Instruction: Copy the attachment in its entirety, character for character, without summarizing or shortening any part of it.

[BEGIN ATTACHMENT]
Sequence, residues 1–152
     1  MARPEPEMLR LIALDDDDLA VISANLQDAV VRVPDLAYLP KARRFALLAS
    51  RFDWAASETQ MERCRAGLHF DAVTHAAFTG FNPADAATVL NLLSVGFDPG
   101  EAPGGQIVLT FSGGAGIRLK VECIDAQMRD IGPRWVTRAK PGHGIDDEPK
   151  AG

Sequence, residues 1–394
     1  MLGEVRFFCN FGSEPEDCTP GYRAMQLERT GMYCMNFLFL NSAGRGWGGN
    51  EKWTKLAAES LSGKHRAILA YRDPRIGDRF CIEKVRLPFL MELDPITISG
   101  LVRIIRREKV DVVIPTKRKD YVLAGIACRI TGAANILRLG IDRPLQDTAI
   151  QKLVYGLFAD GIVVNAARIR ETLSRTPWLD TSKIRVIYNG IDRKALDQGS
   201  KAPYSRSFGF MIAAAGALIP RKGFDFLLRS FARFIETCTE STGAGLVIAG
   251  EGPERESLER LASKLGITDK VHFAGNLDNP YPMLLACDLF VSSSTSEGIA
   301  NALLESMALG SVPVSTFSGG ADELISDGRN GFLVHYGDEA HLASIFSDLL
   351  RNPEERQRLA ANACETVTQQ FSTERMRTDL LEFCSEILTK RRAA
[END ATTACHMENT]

Sequence, residues 1–152
     1  MARPEPEMLR LIALDDDDLA VISANLQDAV VRVPDLAYLP KARRFALLAS
    51  RFDWAASETQ MERCRAGLHF DAVTHAAFTG FNPADAATVL NLLSVGFDPG
   101  EAPGGQIVLT FSGGAGIRLK VECIDAQMRD IGPRWVTRAK PGHGIDDEPK
   151  AG

Sequence, residues 1–394
     1  MLGEVRFFCN FGSEPEDCTP GYRAMQLERT GMYCMNFLFL NSAGRGWGGN
    51  EKWTKLAAES LSGKHRAILA YRDPRIGDRF CIEKVRLPFL MELDPITISG
   101  LVRIIRREKV DVVIPTKRKD YVLAGIACRI TGAANILRLG IDRPLQDTAI
   151  QKLVYGLFAD GIVVNAARIR ETLSRTPWLD TSKIRVIYNG IDRKALDQGS
   201  KAPYSRSFGF MIAAAGALIP RKGFDFLLRS FARFIETCTE STGAGLVIAG
   251  EGPERESLER LASKLGITDK VHFAGNLDNP YPMLLACDLF VSSSTSEGIA
   301  NALLESMALG SVPVSTFSGG ADELISDGRN GFLVHYGDEA HLASIFSDLL
   351  RNPEERQRLA ANACETVTQQ FSTERMRTDL LEFCSEILTK RRAA